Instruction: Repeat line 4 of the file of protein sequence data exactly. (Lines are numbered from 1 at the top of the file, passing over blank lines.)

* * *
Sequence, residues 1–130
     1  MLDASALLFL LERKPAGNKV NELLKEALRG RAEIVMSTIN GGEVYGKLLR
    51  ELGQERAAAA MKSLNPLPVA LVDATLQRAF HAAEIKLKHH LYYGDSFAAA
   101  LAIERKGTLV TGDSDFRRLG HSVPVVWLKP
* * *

   101  LAIERKGTLV TGDSDFRRLG HSVPVVWLKP